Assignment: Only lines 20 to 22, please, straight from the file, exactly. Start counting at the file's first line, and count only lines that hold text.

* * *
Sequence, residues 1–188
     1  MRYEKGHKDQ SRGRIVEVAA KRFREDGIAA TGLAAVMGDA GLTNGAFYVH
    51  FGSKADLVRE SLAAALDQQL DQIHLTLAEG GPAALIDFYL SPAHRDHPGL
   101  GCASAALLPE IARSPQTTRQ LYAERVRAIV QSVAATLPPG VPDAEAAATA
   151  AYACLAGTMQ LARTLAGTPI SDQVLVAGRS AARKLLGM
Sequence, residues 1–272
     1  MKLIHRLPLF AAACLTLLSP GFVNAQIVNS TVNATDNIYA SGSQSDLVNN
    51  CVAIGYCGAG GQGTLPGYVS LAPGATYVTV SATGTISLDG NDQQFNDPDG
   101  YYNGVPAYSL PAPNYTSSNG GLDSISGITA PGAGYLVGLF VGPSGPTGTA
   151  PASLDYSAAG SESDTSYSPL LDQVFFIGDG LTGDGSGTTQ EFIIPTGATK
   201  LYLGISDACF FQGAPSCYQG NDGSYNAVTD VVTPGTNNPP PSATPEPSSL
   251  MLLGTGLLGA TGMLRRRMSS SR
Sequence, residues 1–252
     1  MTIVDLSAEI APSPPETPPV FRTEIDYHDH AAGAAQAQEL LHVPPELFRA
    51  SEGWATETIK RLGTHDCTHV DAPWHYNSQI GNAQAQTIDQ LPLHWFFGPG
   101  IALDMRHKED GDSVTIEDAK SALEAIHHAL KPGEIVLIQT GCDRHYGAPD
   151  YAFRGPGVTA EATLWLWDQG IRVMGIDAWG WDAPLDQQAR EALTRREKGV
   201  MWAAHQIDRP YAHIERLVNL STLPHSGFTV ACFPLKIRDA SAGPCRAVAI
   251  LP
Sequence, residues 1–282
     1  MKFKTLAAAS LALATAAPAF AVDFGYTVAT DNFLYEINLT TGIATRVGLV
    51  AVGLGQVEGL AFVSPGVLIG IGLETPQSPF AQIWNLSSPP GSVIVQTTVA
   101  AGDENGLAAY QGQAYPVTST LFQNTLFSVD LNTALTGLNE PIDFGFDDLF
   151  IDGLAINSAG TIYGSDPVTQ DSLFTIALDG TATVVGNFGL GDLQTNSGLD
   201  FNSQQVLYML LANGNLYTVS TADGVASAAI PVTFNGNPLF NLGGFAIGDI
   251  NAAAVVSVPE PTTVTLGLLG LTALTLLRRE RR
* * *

Sequence, residues 1–282
     1  MKFKTLAAAS LALATAAPAF AVDFGYTVAT DNFLYEINLT TGIATRVGLV
    51  AVGLGQVEGL AFVSPGVLIG IGLETPQSPF AQIWNLSSPP GSVIVQTTVA